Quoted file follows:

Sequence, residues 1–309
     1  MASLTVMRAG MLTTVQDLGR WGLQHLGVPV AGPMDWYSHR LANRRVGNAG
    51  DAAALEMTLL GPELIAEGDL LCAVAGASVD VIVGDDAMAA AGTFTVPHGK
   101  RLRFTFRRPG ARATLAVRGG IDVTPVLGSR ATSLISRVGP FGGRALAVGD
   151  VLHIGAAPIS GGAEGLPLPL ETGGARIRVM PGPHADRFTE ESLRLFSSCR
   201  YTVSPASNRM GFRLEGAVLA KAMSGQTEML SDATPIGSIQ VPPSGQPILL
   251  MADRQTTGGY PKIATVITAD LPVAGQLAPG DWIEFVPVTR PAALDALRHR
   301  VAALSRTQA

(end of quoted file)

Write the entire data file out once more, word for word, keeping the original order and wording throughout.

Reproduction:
Sequence, residues 1–309
     1  MASLTVMRAG MLTTVQDLGR WGLQHLGVPV AGPMDWYSHR LANRRVGNAG
    51  DAAALEMTLL GPELIAEGDL LCAVAGASVD VIVGDDAMAA AGTFTVPHGK
   101  RLRFTFRRPG ARATLAVRGG IDVTPVLGSR ATSLISRVGP FGGRALAVGD
   151  VLHIGAAPIS GGAEGLPLPL ETGGARIRVM PGPHADRFTE ESLRLFSSCR
   201  YTVSPASNRM GFRLEGAVLA KAMSGQTEML SDATPIGSIQ VPPSGQPILL
   251  MADRQTTGGY PKIATVITAD LPVAGQLAPG DWIEFVPVTR PAALDALRHR
   301  VAALSRTQA